This week we sit down with Teresa Dietrich, Stack Overflow's new Chief Product Officer. Teresa, a CMU grad and tech industry veteran, shares a story from her time at AOL: the day three little dots emerged without warning and turned their network upside down.
At the time, AOL was one of the largest providers of dial-up internet access and its messaging platform was amongst the biggest in the world. As Teresa tells it:
My first job out of college was at AOL during the height of the first Internet rush. I was in technology operations, first as a network engineer, then eventually reaching senior network architect. That job helped shape my perspective and the way I think about problems, both in how I architect, but also troubleshoot.
At the time, I had no idea what I was a part of. The scale of problems that we saw was just amazing to me. Just two years out of college, and I was actually helping to keep CNN.COM up on September 11th, 12th, and 13th.
I was also there when AIM launched the three dots. When I’m on my iPhone or Slack and I see dot, dot, dot when someone is typing, sometimes I have a little PTSD thinking back to the launch. Because we had no idea how much chaos that would cause.
This was a random day in the middle of the week. All of a sudden, we started getting these alerts of router crashes throughout our data center, throughout multiple data centers. We all jump up and look at the logs to see what the router was doing and looking at bandwidth graphs. The bandwidth hadn't gone up at all. There was no discernible change from before they started crashing to when they started crashing.
So we're trying to look at the data we don’t look at as often. We're calling into our data center techs, getting sniffers plugged into some of the routers where there's crashes going on and trying to figure out what is going on. I mean, it was literally like every 30 seconds, another router was falling over. So we'd get it back up. And it worked for awhile. We were like, are there gremlins in the data center? What's going on here? We finally got the sniffers plugged in and we're starting to sniff traffic. We started seeing these 60 byte packets being sent from the AIM servers.
Those of us who are also AIM users, some of us said, you know, it's funny they launched that “Your buddy is typing” indicator today. We noticed that happening for those of us who updated our clients. What we realized is they were sending an awful lot of packets. “Your buddy is typing...” “Your buddy has stopped typing.” “Your buddy is typing..."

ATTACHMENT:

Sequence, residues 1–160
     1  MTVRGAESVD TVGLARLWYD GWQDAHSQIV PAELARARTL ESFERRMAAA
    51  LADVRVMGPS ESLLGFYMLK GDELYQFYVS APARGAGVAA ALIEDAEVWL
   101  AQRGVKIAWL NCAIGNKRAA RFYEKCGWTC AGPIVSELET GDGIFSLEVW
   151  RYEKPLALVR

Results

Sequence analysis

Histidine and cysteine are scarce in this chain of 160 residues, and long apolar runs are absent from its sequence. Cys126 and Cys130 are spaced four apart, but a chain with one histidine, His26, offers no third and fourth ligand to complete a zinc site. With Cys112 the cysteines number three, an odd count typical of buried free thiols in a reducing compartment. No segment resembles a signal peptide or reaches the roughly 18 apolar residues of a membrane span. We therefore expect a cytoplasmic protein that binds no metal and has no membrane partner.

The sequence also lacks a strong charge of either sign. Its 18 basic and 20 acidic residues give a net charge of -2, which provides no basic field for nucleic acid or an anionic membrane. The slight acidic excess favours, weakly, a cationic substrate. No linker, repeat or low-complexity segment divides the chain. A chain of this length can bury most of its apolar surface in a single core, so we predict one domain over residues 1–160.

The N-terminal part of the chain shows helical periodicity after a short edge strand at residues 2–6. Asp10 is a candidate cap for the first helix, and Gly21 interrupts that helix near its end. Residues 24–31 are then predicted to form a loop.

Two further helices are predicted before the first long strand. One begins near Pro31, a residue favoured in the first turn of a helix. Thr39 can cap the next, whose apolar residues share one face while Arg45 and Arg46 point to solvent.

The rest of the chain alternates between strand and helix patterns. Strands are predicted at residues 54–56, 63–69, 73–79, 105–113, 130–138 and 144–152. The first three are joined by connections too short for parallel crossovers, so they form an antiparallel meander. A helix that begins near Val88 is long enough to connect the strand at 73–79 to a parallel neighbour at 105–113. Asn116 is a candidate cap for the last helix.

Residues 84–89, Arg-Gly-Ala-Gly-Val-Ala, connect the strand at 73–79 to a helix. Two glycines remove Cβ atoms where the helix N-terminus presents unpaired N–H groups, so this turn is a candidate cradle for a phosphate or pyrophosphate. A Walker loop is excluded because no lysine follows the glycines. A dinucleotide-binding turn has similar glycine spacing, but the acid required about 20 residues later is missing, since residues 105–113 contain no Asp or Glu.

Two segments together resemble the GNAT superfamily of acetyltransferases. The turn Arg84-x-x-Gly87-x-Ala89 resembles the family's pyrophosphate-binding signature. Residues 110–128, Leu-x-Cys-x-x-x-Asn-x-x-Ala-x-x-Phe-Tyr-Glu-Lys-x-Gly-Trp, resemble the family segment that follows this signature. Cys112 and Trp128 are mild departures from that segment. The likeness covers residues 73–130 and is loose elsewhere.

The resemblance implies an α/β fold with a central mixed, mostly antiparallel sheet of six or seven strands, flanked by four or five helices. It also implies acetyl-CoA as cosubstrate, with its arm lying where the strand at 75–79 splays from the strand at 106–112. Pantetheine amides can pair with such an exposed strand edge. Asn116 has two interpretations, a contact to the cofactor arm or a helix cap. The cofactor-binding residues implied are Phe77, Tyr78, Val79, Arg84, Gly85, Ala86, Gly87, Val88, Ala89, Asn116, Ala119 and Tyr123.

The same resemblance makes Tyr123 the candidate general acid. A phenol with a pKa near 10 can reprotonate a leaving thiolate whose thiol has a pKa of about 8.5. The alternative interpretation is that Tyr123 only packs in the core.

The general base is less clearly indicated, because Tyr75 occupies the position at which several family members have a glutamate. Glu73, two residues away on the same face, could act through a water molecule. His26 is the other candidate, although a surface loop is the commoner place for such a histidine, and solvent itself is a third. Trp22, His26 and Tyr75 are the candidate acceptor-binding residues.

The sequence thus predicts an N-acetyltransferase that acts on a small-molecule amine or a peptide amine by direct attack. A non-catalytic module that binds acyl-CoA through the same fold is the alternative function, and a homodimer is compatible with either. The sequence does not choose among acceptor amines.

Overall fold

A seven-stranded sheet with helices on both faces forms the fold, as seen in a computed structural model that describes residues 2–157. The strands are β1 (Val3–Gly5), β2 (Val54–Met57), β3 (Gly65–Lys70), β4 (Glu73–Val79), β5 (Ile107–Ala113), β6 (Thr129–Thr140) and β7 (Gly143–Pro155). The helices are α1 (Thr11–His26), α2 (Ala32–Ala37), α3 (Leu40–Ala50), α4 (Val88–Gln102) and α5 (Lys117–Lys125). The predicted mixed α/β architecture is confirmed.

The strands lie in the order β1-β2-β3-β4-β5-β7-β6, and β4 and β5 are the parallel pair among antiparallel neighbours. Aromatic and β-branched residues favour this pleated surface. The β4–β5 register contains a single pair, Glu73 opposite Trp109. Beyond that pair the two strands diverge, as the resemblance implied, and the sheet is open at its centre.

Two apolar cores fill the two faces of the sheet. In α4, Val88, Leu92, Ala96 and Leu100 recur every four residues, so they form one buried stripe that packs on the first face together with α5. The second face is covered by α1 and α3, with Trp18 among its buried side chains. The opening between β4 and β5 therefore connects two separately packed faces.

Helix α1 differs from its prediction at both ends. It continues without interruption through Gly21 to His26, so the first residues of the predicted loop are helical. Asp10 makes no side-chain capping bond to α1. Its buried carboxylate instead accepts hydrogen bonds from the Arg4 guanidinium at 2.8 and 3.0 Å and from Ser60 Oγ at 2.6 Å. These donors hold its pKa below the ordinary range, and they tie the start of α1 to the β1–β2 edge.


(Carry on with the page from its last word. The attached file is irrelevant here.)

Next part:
At some level, we knew this was a limitation of the hardware. In talking to Cisco or Juniper we knew the packet per second limitation of our routers, but we never worried about it. We weren't tracking that.
You never track and collect and graph a metric until you realize you need it. So we literally had to call over to the AIM development team and say, “Shut it down and let's work together and figure out how we can implement this feature without sending an insane number of 60 byte packets and taking down large swaths of the network." It ended up shifting to a state change check and eventually we had millions and millions of concurrent users enjoying the feature on a daily basis.
Along with a great story of her time at AOL, we also chat about what the job of a chief product officer is today. At a place like Stack Overflow, how do you unite functional departments across the company - from marketing to sales to engineering. How do you figure out the right incentives, so that the data you're measuring against is aligned with the long term health of the company and the community?
"I don't focus on shipping, I focus on impact," Teresa told us. "That's where product management, engineering, and design come together. Product management is focused on value. Engineering is focused on quality, and design is focused on usability. If you think of that as Venn diagram, impact is where those three things overlap and happen."
Lastly, we chat about the incredible velocity with which new coding languages and development frameworks emerge in the tech industry. Teresa shares her philosophy for encouraging an engineering team to level up and learn new skills while ensuring that this kind of continuous evolution doesn't create a lot of friction for the overall organization.
"That which we measure, we incentivize towards," is one of her favorite sayings, and Teresa applies it to scoping an overall product roadmap for a company, including what tools, new and old, to use along the way.